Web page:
Can we define dating anymore? What does it actually look like? Traditionally, dating means two people who meet socially with the intent to assess each other’s suitability as a potential monogamous partner. The protocols and practices of dating vary from generation to generation and certain norms form based on culture, standards, and customs. These cultural norms continue to shape how single individuals show up in the dating process.

The Millennial cohort (1980-2000) is quite different from previous generations in numerous aspects, however, there is a major difference in how we conceptualize the dating process. We are the first generation to be immersed in technology and it has radically changed our brains on a neural level.

The days of reaching for peanut butter at the same time at Whole Foods doesn’t exist. Meeting prospective suitors out and about organically is as unusual as online dating was in the early 2000s. Back then it was shameful to admit that you were online dating because that meant to the world that you were incapable of finding love IRL. Today, finding someone online is widely expected and socially normative.

Online Dating

Millennials have become incredibly comfortable with online dating as the preferred modality and are attached to this platform with enmeshment. Hiding behind a screen serves its purpose and continues to enable deplorable conduct. These questionable behaviors have become familiar and conventional.

Any Millennial that is reading this article and actively engages in the dating process knows exactly what I mean. You know precisely what it feels like to possess eagerness, hope, and excitement at the start and then be unfairly drained. You understand wholeheartedly what it’s like to value romantic partnership but can’t seem to get anywhere close to that dream. What you read below is intended to evoke critical thinking, reflection and internal fire.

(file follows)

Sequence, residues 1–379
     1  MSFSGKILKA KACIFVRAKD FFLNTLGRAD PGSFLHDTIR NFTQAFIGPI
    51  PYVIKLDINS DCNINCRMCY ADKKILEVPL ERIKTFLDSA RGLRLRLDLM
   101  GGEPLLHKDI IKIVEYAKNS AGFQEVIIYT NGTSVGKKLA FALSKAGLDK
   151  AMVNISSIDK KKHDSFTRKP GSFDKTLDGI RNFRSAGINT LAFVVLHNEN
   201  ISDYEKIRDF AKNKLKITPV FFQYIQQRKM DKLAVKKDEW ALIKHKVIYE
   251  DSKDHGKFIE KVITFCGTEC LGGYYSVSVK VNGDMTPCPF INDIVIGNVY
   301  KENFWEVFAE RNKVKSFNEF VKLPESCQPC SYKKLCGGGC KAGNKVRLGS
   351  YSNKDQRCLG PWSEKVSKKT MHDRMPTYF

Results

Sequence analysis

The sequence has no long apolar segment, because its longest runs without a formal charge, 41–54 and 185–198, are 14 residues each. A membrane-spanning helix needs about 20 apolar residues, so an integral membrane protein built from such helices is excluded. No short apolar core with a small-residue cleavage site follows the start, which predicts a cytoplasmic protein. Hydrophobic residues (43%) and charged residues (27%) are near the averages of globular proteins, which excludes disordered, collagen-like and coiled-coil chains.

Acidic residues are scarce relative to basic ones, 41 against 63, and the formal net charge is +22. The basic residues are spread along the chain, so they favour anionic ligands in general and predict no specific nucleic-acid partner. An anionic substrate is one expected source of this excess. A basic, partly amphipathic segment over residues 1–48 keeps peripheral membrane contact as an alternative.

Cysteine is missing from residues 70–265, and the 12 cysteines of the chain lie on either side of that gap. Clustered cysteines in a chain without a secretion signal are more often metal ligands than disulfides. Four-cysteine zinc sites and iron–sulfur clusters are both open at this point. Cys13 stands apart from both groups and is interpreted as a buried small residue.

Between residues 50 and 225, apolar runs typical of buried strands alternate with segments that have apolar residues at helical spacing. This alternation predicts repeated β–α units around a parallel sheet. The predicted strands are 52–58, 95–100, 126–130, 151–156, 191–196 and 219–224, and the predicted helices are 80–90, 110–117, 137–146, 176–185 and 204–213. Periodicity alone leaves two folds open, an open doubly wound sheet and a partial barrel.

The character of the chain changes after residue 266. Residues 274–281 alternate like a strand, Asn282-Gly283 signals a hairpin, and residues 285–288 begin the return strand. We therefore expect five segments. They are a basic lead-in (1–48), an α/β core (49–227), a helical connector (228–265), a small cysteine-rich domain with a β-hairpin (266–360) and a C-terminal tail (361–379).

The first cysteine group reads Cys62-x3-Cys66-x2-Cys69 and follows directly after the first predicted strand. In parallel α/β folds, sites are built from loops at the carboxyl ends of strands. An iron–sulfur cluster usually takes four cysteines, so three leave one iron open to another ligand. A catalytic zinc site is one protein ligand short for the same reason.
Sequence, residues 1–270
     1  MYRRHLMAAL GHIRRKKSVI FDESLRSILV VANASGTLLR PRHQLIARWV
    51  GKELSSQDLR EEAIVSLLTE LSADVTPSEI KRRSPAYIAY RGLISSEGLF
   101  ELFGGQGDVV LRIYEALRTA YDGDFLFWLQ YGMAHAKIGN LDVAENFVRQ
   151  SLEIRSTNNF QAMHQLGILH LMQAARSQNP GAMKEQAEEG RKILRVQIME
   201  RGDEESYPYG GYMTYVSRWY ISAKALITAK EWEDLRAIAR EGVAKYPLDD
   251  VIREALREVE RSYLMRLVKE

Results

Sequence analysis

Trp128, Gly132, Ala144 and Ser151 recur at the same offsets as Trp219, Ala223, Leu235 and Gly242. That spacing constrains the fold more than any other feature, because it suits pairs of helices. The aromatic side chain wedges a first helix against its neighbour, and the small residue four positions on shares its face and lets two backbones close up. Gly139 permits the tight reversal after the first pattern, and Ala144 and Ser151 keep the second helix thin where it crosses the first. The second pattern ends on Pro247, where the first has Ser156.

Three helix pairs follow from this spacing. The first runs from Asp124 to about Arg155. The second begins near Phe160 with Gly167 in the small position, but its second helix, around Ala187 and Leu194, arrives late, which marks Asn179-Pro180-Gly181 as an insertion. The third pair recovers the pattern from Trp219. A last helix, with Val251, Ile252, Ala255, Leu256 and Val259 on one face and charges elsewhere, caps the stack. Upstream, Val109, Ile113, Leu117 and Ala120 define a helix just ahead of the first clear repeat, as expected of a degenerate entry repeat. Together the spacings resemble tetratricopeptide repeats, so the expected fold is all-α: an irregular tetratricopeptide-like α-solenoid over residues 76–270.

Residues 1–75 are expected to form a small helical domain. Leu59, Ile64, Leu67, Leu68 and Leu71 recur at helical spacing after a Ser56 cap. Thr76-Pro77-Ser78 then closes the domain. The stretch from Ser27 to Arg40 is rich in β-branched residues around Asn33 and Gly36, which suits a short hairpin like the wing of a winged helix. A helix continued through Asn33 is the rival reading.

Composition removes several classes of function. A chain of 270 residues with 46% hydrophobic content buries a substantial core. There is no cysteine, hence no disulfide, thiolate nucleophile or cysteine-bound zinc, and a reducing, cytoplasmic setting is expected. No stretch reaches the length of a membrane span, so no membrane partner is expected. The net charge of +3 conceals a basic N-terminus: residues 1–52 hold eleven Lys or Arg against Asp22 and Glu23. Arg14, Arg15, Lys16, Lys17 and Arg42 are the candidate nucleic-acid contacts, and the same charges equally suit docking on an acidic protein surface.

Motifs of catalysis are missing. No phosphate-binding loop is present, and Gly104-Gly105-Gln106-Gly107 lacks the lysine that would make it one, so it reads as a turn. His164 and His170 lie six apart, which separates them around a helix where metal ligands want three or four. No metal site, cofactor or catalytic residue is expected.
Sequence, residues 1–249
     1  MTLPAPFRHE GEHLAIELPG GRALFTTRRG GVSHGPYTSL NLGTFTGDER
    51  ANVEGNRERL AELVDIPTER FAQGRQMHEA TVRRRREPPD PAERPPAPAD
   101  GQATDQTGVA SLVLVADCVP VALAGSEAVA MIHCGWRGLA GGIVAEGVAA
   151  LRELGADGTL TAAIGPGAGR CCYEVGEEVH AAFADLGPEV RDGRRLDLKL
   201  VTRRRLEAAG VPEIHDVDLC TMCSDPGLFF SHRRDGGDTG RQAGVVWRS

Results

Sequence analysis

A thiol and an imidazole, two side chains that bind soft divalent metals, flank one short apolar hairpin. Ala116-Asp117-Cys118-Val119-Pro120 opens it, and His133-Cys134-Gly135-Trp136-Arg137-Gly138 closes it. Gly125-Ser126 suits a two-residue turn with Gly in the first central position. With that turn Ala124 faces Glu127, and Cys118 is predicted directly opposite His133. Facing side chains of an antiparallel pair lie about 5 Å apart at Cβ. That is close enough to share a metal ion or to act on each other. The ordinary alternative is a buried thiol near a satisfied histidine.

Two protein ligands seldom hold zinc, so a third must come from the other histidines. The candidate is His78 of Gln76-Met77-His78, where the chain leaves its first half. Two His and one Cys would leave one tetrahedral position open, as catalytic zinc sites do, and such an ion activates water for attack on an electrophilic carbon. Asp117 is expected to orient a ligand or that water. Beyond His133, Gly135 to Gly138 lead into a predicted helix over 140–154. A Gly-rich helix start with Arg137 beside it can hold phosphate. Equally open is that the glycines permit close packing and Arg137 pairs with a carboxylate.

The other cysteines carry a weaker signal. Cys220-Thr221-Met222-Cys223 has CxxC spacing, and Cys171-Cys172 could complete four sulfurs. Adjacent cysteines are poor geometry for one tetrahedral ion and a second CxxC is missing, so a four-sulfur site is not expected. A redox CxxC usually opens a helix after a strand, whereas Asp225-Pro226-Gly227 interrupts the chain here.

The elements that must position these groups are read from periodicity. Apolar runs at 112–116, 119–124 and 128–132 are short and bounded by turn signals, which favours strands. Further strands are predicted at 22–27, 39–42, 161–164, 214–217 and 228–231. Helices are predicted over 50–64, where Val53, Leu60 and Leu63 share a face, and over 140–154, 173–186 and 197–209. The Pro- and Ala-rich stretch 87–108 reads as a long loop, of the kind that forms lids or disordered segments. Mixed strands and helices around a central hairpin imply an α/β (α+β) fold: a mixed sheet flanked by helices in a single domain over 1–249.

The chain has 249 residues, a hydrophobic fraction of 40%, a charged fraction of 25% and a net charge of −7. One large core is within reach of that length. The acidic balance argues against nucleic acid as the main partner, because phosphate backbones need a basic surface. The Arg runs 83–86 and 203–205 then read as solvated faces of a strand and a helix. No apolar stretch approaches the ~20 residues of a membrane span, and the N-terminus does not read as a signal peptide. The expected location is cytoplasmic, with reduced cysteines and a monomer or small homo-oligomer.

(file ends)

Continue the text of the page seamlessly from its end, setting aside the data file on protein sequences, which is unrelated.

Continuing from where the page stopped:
What is stopping us from discovering authentic, meaningful and vulnerable relationships? How can we achieve healthy relationships when ghosting happens more often than not? Where do we find the strength to continue showing up genuinely when the culture disowns the practice? I don’t have a one-dimensional answer to the questions above, however, I believe passionately that there is a solution.

Accepting inauthenticity, inconsideration, and cowardly acts only perpetuates the ongoing struggle to find a quality partner. If we keep saying to one another, “Oh well, it is what it is,” then we won’t achieve the change we so deeply desire. It is up to us to shake the system and start promoting REAL connection.

I am going to invite you to break the mold and challenge yourself when you feel scared. When you fear vulnerability and know that there is an easy way to avoid it, you take a leap and show up anyways. We don’t have to consent to modern romance standards and can harness the courage to create something far more impactful, long-lasting, and durable. YOU are the start to remarkable change that will rattle us in a powerful way. YOU are the individual who can make dating fun again versus a dreaded activity.

You may be thinking to yourself, “That sounds fine and dandy Paulina but how do I actually do that!?” Well, the next time you are at REI and find someone attractive, go up to them charmingly and say hello or actually meet that bumble candidate in person versus becoming a pen pal that eventually disappears or even tell someone after the first date that you dig them and plan your next date live versus waiting a century.

Remember vulnerability doesn’t always lead to favorable outcomes (it may take multiple attempts) but is the first step in cultivating love. These are a few small steps that could flip the paradigm.

In conclusion, I am calling my fellow Millennial peers to take action. It is time to start practicing accountability, respect, and daring fearlessly. Now go find your prince or princess… they are waiting to be rescued.

About Courageous Paths Counseling
Courageous Paths Counseling specializes in therapy services for teens and millennials (15-37 years of age). For more information, please contact Paulina Siegel through the contact form or by phone at 970-591-2315.

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